MACRON’S STUNNING LOSS TO PRO-PUTIN LE PEN – A SIGN ORDINARY PEOPLE ARE BECOMING SICK & TIRED OF BEARING THE COSTS OF BEING MANIPULATED BY U.S. & EU – ‘I WILL BRING BACK FRANCE’S SOVEREIGNTY IN ALL AREAS, WHICH MEANS FREEDOM FOR THE FRENCH PEOPLE TO DECIDE FOR THEMSELVES & DEFEND THEIR INTERESTS’ – FROM AUSTRALIA, WHERE BIDEN ‘ECHO’ SCOTT MORRISON WAS KICKED OUT AFTER ALARMING VOTERS WITH HIS OVER-STRIDENT ANTI-CHINA RHETORIC – AND EVEN IN U.K., WHERE BORIS JOHNSON ALMOST LOST A CONFIDENCE VOTE DESPITE MULTIPLE TRIPS TO SAUDI, INDIA & UKRAINE TO FIRE UP ANTI-RUSSIA SENTIMENT TO SHORE UP HIS OWN IMAGE AT HOME

Macron loses parliament majority in stunning setback

FRENCH President Emmanuel Macron lost his parliamentary majority today after major election gains by a newly formed left-wing alliance and the far right, in a stunning blow to his plans for major second-term reform.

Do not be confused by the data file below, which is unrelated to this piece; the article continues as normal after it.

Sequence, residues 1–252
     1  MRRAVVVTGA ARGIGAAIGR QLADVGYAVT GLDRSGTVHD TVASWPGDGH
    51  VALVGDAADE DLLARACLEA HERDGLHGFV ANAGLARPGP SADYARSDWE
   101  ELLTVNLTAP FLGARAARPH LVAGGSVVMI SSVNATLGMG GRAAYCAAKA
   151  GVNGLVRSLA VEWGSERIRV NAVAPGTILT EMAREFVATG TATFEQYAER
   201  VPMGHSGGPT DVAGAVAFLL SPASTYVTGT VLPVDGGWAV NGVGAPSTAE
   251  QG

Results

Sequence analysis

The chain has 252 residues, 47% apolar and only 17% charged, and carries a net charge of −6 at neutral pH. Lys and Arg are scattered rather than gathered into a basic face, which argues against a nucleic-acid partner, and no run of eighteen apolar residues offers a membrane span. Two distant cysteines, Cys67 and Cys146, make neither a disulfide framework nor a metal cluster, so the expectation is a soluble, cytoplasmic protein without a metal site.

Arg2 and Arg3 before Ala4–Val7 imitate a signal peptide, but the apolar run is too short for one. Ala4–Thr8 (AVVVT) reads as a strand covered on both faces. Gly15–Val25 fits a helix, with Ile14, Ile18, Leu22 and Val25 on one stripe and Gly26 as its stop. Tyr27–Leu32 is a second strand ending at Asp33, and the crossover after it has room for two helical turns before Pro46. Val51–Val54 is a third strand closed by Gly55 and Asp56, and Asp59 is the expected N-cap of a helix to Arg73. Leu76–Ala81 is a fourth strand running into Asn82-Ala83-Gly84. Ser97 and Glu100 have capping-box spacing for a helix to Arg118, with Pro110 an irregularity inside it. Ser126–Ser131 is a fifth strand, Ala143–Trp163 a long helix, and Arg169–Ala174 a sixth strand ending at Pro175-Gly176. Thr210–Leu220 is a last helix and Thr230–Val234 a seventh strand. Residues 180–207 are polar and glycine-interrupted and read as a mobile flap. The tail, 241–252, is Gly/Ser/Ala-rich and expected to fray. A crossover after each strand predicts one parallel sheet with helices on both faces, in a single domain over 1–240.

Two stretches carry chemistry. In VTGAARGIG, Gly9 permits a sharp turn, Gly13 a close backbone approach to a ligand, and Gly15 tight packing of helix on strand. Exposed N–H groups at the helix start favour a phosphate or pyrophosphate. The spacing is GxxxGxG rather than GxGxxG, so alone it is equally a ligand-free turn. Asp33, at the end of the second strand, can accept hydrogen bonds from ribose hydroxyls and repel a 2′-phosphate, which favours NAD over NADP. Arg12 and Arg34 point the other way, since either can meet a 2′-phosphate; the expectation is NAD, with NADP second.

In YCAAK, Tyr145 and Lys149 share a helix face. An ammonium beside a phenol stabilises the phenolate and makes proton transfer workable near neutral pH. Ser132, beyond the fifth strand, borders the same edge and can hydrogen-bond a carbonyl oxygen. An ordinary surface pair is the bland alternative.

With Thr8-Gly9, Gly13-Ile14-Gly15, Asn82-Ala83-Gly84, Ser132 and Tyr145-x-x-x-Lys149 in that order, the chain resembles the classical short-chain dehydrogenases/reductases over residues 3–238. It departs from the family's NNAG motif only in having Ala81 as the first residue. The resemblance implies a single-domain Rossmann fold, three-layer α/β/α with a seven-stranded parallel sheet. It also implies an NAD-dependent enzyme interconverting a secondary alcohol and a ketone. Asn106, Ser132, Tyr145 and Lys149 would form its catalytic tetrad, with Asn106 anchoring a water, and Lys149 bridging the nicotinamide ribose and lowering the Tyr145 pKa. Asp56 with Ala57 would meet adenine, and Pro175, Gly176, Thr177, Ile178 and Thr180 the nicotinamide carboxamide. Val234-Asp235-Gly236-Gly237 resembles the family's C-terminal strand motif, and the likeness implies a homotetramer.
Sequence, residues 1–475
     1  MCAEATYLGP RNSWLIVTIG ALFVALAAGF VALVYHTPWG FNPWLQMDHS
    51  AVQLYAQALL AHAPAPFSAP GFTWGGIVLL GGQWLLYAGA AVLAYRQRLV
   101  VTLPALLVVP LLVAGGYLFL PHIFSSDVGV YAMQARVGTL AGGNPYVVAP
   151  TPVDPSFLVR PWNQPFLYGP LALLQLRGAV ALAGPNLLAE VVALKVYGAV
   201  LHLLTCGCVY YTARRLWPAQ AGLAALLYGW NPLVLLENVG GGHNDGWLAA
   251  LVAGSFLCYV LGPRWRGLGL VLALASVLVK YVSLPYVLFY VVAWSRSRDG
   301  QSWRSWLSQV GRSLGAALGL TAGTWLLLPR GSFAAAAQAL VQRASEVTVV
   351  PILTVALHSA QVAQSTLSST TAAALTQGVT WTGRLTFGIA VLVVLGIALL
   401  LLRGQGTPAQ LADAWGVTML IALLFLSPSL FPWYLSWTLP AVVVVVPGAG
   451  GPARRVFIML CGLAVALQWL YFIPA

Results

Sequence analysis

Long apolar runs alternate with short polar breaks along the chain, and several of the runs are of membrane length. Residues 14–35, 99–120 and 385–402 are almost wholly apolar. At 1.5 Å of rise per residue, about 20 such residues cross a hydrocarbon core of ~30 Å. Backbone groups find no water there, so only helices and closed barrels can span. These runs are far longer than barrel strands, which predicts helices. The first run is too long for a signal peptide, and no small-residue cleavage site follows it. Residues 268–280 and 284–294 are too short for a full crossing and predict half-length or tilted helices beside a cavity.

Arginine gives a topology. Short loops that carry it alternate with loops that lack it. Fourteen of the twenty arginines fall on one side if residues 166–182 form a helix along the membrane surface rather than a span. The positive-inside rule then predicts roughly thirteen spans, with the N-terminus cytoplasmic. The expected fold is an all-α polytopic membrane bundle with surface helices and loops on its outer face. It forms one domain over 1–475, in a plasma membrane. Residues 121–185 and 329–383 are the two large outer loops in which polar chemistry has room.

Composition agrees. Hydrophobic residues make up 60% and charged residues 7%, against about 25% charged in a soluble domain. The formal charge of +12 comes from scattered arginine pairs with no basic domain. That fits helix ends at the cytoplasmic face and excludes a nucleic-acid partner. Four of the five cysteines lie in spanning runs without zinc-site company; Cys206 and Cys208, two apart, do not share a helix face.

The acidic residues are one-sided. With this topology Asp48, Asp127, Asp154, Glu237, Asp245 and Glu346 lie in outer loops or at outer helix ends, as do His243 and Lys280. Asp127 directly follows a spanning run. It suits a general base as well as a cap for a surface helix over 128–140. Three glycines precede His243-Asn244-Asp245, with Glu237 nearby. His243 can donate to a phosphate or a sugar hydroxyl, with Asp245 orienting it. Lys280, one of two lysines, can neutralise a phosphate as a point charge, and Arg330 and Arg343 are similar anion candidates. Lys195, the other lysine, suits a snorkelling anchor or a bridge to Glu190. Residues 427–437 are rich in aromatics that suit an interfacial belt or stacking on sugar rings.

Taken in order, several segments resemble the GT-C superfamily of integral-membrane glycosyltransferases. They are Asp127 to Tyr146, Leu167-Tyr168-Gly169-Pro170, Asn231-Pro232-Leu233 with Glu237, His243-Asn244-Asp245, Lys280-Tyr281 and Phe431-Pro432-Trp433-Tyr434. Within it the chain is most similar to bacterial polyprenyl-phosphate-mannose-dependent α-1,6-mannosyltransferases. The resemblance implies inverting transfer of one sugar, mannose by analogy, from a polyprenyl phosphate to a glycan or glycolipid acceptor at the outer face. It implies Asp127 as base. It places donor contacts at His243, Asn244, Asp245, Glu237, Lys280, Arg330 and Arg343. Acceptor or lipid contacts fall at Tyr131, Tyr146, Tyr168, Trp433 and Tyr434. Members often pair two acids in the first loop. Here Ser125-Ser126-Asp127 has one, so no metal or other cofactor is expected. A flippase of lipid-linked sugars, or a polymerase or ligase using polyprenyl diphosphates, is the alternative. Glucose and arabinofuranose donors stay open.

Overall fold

The result from yesterday’s second round poll threw French politics into turmoil, raising the prospect of a paralysed legislature or messy coalitions with Macron forced to reach out to new allies.

Macron, 44, now also risks being distracted by domestic problems as he seeks to play a prominent role in putting an end to Russia’s invasion of Ukraine and as a key statesman in the EU.

Macron’s Together coalition will still be the biggest party in the next National Assembly, but with 245 seats, according to full interior ministry results announced in the early hours of today, it is well short of the 289 seats needed for a majority in the 577-member chamber.

The outcome severely tarnished Macron’s April presidential election victory when he defeated the far-right to be the first French president to win a second term in more than two decades.